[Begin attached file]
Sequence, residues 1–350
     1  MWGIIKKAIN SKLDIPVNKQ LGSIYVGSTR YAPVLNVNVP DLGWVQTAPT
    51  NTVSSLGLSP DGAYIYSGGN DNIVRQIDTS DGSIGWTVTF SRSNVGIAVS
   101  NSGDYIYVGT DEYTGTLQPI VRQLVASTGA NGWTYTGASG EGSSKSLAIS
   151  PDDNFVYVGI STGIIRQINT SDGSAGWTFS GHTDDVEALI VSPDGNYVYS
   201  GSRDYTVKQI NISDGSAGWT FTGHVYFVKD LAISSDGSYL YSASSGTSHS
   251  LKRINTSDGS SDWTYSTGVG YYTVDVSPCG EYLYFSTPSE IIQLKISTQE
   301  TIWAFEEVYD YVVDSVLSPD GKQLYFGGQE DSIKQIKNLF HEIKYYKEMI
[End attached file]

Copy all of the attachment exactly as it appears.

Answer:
Sequence, residues 1–350
     1  MWGIIKKAIN SKLDIPVNKQ LGSIYVGSTR YAPVLNVNVP DLGWVQTAPT
    51  NTVSSLGLSP DGAYIYSGGN DNIVRQIDTS DGSIGWTVTF SRSNVGIAVS
   101  NSGDYIYVGT DEYTGTLQPI VRQLVASTGA NGWTYTGASG EGSSKSLAIS
   151  PDDNFVYVGI STGIIRQINT SDGSAGWTFS GHTDDVEALI VSPDGNYVYS
   201  GSRDYTVKQI NISDGSAGWT FTGHVYFVKD LAISSDGSYL YSASSGTSHS
   251  LKRINTSDGS SDWTYSTGVG YYTVDVSPCG EYLYFSTPSE IIQLKISTQE
   301  TIWAFEEVYD YVVDSVLSPD GKQLYFGGQE DSIKQIKNLF HEIKYYKEMI